For Mervyn Wilson, this decision was a litmus test of the 2002 Act and the government’s intentions. ‘All we’ve seen from the Act so far is an extension of faith schools,’ he says. ‘Lowick was a test of whether it was genuinely about new models of control and diversity in education.’
Devastated but not defeated, the people of Lowick were left with little choice. Committed to their co-op, they decided to go it alone, and on 1 September the new school opened anyway, as a non-fee paying independent, financed, for the time being at least, by donations and grants.
Lowick New School is no longer CofE controlled, but a voluntary aided school run by the community co-op, what Graham Nash calls ‘a suite of organisations’, including the educational trust, which holds the lease, and an industrial and provident society for community benefit, called Community Learning Lowick, which shares the premises and overheads, and runs ‘community-led activities’.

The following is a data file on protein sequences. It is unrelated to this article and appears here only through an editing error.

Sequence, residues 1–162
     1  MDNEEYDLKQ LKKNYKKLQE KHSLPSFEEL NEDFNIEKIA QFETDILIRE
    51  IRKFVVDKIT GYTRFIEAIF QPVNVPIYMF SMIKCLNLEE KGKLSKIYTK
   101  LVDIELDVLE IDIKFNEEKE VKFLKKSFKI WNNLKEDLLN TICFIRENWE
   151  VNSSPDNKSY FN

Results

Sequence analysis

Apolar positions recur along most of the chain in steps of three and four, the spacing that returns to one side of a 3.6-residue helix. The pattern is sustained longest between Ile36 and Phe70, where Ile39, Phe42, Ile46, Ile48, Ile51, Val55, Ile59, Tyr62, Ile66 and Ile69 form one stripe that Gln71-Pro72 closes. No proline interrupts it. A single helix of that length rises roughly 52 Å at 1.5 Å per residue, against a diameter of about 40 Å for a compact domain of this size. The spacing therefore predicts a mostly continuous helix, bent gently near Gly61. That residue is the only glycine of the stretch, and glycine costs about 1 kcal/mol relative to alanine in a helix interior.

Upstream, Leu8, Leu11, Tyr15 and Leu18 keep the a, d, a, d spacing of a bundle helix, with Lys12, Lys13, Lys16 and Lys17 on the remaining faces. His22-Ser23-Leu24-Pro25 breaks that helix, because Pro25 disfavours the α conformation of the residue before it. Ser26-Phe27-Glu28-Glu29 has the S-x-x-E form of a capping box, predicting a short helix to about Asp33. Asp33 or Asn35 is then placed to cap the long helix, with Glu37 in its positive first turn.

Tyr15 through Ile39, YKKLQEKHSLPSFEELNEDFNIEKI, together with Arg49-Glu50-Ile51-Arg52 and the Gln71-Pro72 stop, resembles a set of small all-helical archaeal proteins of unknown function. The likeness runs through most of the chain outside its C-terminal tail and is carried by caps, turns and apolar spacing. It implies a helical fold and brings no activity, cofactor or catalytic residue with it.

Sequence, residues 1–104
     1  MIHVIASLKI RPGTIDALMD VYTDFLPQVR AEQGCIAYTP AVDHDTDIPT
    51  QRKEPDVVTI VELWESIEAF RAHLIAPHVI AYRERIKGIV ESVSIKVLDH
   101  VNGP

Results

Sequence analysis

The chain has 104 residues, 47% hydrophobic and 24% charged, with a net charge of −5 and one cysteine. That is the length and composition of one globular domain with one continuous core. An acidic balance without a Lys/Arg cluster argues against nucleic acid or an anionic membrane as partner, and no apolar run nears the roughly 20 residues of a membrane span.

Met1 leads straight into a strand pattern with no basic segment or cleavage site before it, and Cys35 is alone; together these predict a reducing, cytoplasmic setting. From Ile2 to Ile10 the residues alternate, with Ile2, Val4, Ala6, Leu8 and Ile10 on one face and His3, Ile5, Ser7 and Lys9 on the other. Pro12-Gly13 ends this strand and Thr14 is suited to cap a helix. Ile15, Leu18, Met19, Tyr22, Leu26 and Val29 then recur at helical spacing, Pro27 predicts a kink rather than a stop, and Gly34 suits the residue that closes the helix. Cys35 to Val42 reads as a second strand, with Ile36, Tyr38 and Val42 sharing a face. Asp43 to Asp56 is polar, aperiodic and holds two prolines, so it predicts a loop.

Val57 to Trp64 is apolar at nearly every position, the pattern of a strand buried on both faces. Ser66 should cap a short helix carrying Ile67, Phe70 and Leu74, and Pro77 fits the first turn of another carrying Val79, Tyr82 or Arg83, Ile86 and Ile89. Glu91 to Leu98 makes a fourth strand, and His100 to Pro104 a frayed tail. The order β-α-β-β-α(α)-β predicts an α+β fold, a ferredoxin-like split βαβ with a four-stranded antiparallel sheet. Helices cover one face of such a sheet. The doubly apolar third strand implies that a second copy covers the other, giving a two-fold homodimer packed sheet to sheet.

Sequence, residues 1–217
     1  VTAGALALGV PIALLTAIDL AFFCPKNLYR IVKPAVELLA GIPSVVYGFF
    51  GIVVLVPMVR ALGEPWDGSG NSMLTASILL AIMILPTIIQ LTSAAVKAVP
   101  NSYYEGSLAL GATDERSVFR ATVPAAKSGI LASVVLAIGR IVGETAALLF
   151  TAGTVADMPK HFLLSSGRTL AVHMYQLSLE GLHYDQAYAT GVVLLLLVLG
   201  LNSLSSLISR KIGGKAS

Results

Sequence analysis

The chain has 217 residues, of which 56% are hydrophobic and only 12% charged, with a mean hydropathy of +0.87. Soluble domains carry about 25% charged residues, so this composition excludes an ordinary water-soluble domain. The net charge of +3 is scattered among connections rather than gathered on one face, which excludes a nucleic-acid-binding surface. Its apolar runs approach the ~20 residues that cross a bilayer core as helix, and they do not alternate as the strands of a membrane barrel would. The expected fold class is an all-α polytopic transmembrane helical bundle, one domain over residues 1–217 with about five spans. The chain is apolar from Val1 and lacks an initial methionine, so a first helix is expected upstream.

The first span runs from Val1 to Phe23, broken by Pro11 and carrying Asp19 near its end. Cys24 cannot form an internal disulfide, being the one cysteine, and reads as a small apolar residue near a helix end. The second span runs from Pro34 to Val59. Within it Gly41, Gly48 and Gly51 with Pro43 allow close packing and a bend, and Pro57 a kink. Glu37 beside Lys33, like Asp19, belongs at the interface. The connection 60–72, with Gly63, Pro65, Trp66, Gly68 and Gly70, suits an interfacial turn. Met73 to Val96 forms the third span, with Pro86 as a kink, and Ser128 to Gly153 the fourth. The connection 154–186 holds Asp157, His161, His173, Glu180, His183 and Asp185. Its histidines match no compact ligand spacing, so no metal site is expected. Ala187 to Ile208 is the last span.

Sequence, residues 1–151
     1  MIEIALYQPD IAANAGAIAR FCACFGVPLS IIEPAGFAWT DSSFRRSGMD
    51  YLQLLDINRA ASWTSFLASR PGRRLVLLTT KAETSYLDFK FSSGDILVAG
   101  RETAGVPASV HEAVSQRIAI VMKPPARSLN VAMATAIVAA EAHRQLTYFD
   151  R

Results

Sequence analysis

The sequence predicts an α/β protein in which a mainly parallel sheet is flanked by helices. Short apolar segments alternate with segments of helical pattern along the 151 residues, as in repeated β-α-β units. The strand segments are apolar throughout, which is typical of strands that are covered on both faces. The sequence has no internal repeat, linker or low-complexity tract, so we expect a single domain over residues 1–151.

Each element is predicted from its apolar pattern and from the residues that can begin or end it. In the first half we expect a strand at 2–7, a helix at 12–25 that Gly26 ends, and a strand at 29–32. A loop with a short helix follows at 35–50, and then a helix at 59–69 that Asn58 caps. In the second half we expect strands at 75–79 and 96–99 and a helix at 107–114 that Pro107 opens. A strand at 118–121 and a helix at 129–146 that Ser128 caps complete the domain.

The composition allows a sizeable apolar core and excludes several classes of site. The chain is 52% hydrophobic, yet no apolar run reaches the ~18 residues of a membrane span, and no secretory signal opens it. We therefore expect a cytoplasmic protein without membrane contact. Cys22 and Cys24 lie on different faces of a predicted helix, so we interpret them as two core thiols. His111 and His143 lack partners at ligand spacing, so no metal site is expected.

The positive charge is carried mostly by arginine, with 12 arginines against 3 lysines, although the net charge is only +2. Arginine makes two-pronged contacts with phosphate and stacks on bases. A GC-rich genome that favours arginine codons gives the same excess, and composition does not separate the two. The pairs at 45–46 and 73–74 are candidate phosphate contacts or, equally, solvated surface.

‘Teachers, parents and community members are all members of the co-op in the same way you can be a member of a workers’ co-op or a housing co-op,’ explains Rose. ‘Governors are elected by the members but all have a say in how the school is run and how the curriculum is taught.’
The mutual ethos runs through the school’s teaching and management, she says. The democratic structure ensures the curriculum can be tailored to the co-op’s priorities. And through its community learning arm, the school will also be a focus for community activities such as adult education, IT training, health and social services advice, perhaps even a community newspaper and local transport.
With the co-op as its ‘incubator’, to use Rose’s phrase, the school should be able to draw on a wide range of funding, and will also generate income by selling services and products. In fact, local co-op shops are already selling a CD recorded by a former pupil in support of the school’s fight, and the children and staff are collaborating with the nearby John Ruskin centre at Brantwood on community art and education projects. The school will also be able to draw on the range of skills and experiences of the co-operative’s members. John Willis used to run an IT business, for example, and he plans to make the school the centre of a local internet network with educational benefits for pupils and adults alike.